Who are You Going to Listen To?

Here’s a quick recap for those of you who don’t really know me or have lost touch.  I got hurt badly in a fall just before law school.  Already significantly overweight before law school, the injury, horrible diet (can you say free pizza?) and hours and hours of studying coupled with a completely sedentary lifestyle added up to a middle-aged woman who was not just morbidly obese – I was “super obese.”

Some years later, through changes in diet, DDP Yoga (check it out – it’s amazing) and putting on a pair of running shoes for the first time in my life, I lost over 100 pounds.

My Facebook feed was full of photos of the meals I prepared and notifications from Nike Running Club that I was going for a run.  When people “liked” my post, the app would cheer.  It was really motivating!  I attempted a half marathon in 2015 and was “swept” at mile 8 (I couldn’t maintain the minimum pace).  I didn’t give up.  I was training for a “rematch” with the same half marathon course when I read a Facebook post written by a law school classmate who I considered a close friend.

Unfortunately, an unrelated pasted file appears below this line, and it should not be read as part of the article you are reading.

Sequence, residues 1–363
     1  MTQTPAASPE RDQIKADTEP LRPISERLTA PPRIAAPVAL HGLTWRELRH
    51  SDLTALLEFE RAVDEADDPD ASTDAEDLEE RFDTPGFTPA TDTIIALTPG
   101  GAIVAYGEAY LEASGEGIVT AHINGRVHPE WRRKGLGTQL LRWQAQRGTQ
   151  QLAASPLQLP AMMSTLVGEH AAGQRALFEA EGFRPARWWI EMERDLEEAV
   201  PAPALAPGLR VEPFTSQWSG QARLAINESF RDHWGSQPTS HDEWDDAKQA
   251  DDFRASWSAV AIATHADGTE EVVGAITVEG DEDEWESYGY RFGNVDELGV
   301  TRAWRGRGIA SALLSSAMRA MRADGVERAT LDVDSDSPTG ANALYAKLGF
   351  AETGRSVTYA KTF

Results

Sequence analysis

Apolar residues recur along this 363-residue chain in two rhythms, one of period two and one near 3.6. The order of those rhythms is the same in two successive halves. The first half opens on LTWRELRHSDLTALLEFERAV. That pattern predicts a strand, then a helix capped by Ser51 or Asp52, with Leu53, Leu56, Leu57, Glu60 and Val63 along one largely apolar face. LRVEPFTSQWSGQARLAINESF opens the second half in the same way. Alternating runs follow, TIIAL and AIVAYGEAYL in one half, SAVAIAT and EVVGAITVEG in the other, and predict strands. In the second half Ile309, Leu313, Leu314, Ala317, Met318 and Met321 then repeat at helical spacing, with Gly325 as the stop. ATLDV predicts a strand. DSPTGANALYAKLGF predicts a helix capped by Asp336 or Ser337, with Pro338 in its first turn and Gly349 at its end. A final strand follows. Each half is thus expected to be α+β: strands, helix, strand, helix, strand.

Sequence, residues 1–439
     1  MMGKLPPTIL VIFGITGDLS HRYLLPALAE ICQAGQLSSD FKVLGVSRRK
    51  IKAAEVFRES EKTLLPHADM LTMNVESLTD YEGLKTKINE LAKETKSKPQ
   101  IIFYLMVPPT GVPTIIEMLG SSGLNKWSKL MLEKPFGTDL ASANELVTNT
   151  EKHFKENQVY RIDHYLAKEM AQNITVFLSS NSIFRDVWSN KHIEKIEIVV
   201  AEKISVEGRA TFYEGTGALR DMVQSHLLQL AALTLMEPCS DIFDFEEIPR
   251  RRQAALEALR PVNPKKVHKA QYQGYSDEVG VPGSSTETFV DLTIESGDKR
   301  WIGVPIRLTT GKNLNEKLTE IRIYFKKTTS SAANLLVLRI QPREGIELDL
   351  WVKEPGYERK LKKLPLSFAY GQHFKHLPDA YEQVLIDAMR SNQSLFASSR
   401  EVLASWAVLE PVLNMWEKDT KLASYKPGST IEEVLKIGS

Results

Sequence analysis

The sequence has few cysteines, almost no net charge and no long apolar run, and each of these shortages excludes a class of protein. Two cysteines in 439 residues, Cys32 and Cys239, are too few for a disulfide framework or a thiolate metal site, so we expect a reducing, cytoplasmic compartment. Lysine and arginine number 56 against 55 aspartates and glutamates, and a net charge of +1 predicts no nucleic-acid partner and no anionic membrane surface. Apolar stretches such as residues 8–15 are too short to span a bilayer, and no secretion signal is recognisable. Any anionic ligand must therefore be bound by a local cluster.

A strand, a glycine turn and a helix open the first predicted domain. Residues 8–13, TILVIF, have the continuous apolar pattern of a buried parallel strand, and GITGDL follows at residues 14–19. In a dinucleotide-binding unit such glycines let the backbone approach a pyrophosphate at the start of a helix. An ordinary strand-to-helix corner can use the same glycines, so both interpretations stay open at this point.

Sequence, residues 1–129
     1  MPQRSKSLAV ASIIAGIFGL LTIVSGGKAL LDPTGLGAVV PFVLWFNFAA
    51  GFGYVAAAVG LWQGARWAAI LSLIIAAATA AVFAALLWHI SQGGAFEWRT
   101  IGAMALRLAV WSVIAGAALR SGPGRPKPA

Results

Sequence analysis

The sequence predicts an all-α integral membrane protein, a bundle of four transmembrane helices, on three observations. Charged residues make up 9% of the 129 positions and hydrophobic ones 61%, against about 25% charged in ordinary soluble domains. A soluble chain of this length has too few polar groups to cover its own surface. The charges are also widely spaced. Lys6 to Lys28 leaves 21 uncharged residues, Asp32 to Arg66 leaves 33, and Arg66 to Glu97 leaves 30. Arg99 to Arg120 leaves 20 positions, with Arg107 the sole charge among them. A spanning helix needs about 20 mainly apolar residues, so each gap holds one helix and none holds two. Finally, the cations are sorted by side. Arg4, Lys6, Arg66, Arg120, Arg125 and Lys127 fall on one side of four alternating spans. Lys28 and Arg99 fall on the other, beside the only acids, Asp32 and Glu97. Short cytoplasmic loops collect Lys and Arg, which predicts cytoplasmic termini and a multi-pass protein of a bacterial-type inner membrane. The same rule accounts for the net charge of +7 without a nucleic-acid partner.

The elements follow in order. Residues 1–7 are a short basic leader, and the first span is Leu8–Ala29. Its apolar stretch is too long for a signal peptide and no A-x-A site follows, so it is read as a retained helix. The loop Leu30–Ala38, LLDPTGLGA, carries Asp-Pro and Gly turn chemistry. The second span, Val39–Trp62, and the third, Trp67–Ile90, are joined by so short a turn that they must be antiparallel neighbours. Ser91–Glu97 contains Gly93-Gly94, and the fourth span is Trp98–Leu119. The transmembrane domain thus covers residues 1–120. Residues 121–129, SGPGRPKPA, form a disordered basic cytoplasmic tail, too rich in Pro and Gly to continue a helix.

I don’t remember the exact words, but the gist of the post was that people who aren’t serious athletes shouldn’t post about their workouts – that we just are attention seekers and our “friends” don’t really care about our workouts.  Especially guilty were those of us who enter a competition and fail to complete it.  I was devastated.  He didn’t write my name, but I was all of those things.  I did manage to finish the 2016 half marathon attempt (just barely), but afterward, I lost my mojo.  I would run a few times a month, but I never got back into a predictable schedule.

I stopped posting, so I lost the “cheers.”  I stopped running, so I lost the endorphins that exercise releases.  I started eating potato chips again.  Life took some really tough turns, and instead of going for a run to ease the anxiety, I turned back to food.  Over time, I packed on nearly 50 pounds of weight.

As a self-employed person, my health insurance premiums became really expensive.  I switched from traditional health insurance to a health share plan, and in order to be approved, I had to agree to work with a health coach.  He doesn’t tell me what to do.  He helps me to set goals, and when we check in every week or so, he asks me how I did.  With his help, I’ve dropped 30 pounds.